The five C’s of leadership

President Trump is certainly a clear leader, but what about his coachability?

What makes a great leader? Leadership expert Andy Stanley believes there are five characteristics of a great leader: Clarity, courage, confidence, coachability, (the capacity to learn from one’s mistakes and to grow), and finally, character.

Clarity: Donald Trump definitely has this leadership quality. His campaign slogan, “Make America Great Again” resonates with millions of people who voted for him and support him loyally three years later. President Trump uses simple words, and his tweets are clear and easy for both his supporters and enemies to understand.

His plain spoken clarity gives his followers a sense of certainty. All of us want certainty. We live in a confusing time when we often don’t know what to do. But as Benjamin Franklin noted, the only certainties we all really have are death and taxes. I’d add another certainty of not living up to our own ideals and expectations.

Courage: Does Trump exhibit courage? That depends on how you define the term. Courage is defined by Miriam Webster as, “mental or moral strength to venture, persevere, and withstand danger, fear, or difficulty”. His supporters would say “Yes!” to this characteristic. They would argue that it took courage for him to run for the presidency and courage to put up with the Democratic witch-hunt and false accusations thrown at him on a daily basis.

Trump’s opponents would disagree. They would argue that his courage is based upon arrogance. He is a bully, and all bullies are really cowards inside. Bullies use a lot of bluster to get what they want. They force other people to do submit to their will through threats and intimidation.

Confidence: Again, we’d better define the term because supporters and opponents differ on this quality. There are lots of definitions for this term. The first definition in Miriam Webster: “a feeling of consciousness of one’s powers, or of reliance on one’s circumstances.” The second definition is “faith or belief that one will act in a right, proper, or effective way.”

Most of Trump’s supporters would probably pick the first definition to describe him. They admire the President’s awareness of his powers and his willingness to take circumstances and shape them in his own image.

Trump’s opponents would look at the second definition and say, “No way!” They have no faith that he will act in any way other than to benefit himself. They have no faith in him at all. He definitely does not act in a right, proper, or effective way. Trump has no sense of morality, or concern for others who are disadvantaged, or who are of another race or nationality that is not white western European.

Coachability: Both friends and foes alike would agree that President Trump does not admit mistakes. If caught in a lie or improper act, he will double down and insist loudly that he is justified. Then he attacks his enemies and those who have the courage to speak out against him.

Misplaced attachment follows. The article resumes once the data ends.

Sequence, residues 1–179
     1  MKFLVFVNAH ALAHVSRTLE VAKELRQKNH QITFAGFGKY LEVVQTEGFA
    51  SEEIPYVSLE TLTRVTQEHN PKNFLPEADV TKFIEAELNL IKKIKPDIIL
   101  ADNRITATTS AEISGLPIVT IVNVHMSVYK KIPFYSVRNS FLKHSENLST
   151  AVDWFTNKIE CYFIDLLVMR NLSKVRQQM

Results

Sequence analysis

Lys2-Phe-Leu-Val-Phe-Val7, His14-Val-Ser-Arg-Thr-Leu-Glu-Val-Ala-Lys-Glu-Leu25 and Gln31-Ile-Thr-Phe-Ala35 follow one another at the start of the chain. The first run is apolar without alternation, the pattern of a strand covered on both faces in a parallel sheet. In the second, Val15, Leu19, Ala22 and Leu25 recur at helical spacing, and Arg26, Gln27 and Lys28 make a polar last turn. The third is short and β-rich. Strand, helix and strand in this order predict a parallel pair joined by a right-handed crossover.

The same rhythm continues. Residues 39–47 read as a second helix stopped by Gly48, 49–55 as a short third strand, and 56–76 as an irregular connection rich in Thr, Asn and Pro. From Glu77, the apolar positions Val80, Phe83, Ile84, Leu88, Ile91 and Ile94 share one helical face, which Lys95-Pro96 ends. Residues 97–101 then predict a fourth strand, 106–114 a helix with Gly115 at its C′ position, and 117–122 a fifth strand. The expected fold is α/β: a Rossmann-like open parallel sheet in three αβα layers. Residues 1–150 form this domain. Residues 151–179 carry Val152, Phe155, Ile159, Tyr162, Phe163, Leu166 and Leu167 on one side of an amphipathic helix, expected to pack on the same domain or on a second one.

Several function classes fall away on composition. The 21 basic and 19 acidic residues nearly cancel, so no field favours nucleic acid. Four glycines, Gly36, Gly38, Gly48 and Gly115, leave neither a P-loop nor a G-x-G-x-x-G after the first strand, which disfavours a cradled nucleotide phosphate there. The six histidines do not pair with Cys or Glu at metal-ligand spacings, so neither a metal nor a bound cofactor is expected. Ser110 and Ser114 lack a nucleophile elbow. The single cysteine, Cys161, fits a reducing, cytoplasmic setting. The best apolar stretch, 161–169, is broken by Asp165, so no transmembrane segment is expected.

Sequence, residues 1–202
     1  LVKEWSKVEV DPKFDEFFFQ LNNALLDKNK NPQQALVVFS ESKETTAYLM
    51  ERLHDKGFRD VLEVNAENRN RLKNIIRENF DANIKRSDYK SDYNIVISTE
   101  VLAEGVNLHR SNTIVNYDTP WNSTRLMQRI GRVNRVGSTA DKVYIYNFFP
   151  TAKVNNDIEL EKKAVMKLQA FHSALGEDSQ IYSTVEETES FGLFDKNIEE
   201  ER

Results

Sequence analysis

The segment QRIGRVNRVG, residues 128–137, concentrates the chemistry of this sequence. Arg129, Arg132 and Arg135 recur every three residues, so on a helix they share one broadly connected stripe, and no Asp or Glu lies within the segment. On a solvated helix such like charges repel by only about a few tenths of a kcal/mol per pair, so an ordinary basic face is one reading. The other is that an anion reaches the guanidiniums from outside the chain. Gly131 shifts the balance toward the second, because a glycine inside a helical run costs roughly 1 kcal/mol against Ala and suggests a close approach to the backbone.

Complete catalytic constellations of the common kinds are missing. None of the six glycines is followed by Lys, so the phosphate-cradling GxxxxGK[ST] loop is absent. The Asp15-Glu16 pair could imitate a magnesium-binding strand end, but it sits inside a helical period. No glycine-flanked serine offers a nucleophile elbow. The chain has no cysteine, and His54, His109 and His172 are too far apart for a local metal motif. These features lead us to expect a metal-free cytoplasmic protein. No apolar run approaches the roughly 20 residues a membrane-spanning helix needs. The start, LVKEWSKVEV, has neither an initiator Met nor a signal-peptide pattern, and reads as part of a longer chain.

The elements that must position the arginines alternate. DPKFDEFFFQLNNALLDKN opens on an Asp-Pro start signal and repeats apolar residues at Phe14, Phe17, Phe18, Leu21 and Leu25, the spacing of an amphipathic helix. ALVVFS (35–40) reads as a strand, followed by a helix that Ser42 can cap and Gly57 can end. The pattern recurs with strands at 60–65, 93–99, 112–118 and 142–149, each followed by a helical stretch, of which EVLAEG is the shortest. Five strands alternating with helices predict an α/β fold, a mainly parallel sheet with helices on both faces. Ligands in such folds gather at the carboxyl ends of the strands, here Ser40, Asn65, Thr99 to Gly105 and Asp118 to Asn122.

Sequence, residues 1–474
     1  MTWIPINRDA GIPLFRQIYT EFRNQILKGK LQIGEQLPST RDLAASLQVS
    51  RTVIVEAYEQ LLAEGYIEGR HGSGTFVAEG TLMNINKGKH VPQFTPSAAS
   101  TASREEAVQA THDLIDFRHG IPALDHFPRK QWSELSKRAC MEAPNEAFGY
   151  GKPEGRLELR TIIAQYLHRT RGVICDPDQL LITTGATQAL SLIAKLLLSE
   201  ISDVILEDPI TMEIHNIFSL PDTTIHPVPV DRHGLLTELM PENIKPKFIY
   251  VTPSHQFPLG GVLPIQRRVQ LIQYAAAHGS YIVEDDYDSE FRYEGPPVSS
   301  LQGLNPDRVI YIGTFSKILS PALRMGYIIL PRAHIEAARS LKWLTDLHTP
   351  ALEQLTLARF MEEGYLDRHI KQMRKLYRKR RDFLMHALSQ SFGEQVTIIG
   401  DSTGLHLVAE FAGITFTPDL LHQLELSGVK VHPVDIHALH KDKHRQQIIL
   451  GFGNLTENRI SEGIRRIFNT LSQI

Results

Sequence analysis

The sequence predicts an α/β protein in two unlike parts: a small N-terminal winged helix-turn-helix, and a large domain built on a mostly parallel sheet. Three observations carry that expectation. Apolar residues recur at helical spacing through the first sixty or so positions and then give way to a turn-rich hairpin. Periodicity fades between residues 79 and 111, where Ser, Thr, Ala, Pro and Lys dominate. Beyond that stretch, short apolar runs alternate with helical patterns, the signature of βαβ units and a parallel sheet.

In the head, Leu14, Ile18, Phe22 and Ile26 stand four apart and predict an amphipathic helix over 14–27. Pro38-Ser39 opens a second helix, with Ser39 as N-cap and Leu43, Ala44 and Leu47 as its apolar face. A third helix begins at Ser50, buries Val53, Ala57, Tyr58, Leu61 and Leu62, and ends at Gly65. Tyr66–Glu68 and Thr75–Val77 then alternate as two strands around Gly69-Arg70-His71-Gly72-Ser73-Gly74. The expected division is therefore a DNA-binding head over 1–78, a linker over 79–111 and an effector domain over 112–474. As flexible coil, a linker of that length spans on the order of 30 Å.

Had President Trump just openly admitted he had tried to force the Ukrainian president to help him in his campaign and that he was in error to do so, the House would likely not have impeached him. I think most people would agree that he is his own worst enemy. His own words have gotten him into his impeachment predicament.

Character: It’s clear that character is not one of Trump’s leadership gifts. Even his supporters are often frustrated with his crassness and lack of self-control. They abhor the way he speaks about women and Mexicans. They find his treatment of illegal child immigrants to be detestable.

The reason I have shared these five traits of leadership is to help you decide whether you want another four years of President Trump. This is an election year where you will to decide on the best candidate to lead the nation. It is obvious that the President is gifted with clarity, but that trait is only one of five. Even if we eliminate courage and confidence over differences of opinion, the issues of coachability and character are his flat-out weaknesses.

The final test to help you decide is to ask yourself whether you would want him to be your father or spouse. If your answer to these two questions is no, then you know how to vote in November.

More in Opinion

Thanks to everyone for your support

The Buckley community helped us in these hard times.

To bridge a divide, resist dogmatism, absolutes

If you’re secure in your beliefs, you should be willing to hear someone else’s opinion.

Thanks to all who made Guild fundraiser a success

It was a sold-out event, thanks to everyone’s efforts.

Remembering Ron Mariotti

He was a staple of the Enumclaw community, back in the day.

Alternative opinions on impeachment

I think the only reason Biden is running for president is because he knew he’d be investigated.

Student testing, as it exists today, creates a world of trouble

We spend too much time preparing for tests than actually learning.

The positivity of a child | SoHaPP

Smiling more benefits you and everyone around you.

Washington State Capitol Building in Olympia. File photo
Despite ruling on Public Records Act, we need to keep a close eye on Olympia

Washington Supreme Court upholds that state legislators are subject to the Public Records Act.

Most Read